Nature Versus Nurture: Really?

As it turns out, we are products of our genes and our environment.  No duh!  Debate over!  Right?  Nope!   I had assumed that it was commonly accepted that genes matter.  I had no idea that acknowledging this reality was in a sense sacrilegious to some.  Although Pinker made clear the debate, I suspected that perhaps this was an esoteric intellectual war of words limited to philosophical types with high brow notions about macro economic models and so on.  But, I became more aware of the lingering embers of environmental determinism as a result of a firestorm that erupted last week regarding an essay written by an environmental advocacy group spread about on Twitter and a subsequent article posted in the Huffington Post.  These articles essentially minimized genetic determinism in major health issues due to the failure of the Human Genome Project to isolate specific genes responsible for specific illnesses.  Out with the genes – in with the environment the proponents celebrated.   Environmental determinists pounced on the absence of evidence as if it were evidence of absence (Carmichael, 2010).  As it turns out, genes are really complex and diseases are influenced, it seems, by gene cohorts rather than any one specific gene.  I am less familiar with the research regarding genetic influence on disease but the tone of the banter reminded me of the debate about human nature detailed by Pinker.

 

I have discussed in several recent posts the impact of genes on important issues such as personality, adaptive functioning, and even political perspectives.  The psychologist Eric Turkheimer pulled together the unusually robust evidence from extensive studies of twins (fraternal and identical) reared together and apart as well as studies of adopted children relative to biological children and concluded that there are three important laws that help explain the development of personality characteristics and intelligence.   The three laws are as follows:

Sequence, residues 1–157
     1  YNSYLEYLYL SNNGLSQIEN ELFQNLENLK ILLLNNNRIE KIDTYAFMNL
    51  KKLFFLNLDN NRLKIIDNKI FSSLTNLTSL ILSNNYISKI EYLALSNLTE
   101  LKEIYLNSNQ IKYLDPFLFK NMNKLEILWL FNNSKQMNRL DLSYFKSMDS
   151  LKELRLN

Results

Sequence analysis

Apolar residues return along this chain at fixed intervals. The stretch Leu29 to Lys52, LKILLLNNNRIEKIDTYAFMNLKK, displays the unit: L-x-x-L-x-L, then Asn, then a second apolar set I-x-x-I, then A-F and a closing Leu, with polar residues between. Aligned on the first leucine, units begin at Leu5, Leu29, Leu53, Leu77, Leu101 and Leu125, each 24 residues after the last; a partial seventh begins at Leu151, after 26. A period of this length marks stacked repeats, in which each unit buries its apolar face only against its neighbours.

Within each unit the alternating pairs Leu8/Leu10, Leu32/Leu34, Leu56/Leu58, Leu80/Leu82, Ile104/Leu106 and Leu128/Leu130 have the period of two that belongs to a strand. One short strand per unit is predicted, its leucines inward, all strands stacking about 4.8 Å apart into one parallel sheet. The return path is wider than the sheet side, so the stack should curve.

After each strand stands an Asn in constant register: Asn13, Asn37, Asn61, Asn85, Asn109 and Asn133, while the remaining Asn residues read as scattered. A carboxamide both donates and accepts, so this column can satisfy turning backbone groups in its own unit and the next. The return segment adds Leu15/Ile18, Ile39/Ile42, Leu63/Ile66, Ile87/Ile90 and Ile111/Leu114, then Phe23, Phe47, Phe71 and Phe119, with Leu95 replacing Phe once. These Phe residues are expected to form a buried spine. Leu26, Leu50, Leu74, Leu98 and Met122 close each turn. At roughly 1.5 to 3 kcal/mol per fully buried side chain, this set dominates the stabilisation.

1. All Human traits are heritable;
  2. The effect of being raised in the same family is smaller than the effect of the genes; and
  3. A substantial portion of the variation in complex human behavioral traits is not accounted for by the effects of genes or families.

 

These laws are best summarized based on current research from behavioral genetics as follows:

 

  1. Heredity accounts for about 50% of the variance in the adaptive functioning outcomes of children.
  2. The home environment, as it is influenced by parents, accounts for 0 to 10%, and
  3. The child’s peer group accounts for the remainder (40-50%)  (Pinker, 2002).

 

Corresponding laws regarding the variants affecting diseases are perhaps unclear at this time.  But denial of genetic influence is much like the denial of the heliocentric theory of the solar system or the arguments put forth by Creationists and anti vaccine advocates.  They are guided by ideological notions that hang by a thin thread.  Something near and dear to the hearts of the proponents of exclusive environmental determinism is threatened by evidence.  The only recourse is denial.  Its an old and tired song and dance.  Genes matter – but not exclusively.  Environment matters – but not exclusively.  Get used to it.

 

References:

 

Carmichael, M. (2010). DNA, Denial, and the Rise of “Environmental Determinism”. Wild Type. http://marycarmichael.wordpress.com/2010/12/22/dna-denial-and-the-rise-of-environmental-determinism/#comments

 

Katz, D. (2010).  Is There a Genie in the Genome? The Huffington Post. http://www.huffingtonpost.com/david-katz-md/is-there-a-genie-in-the-g_b_792844.html

 

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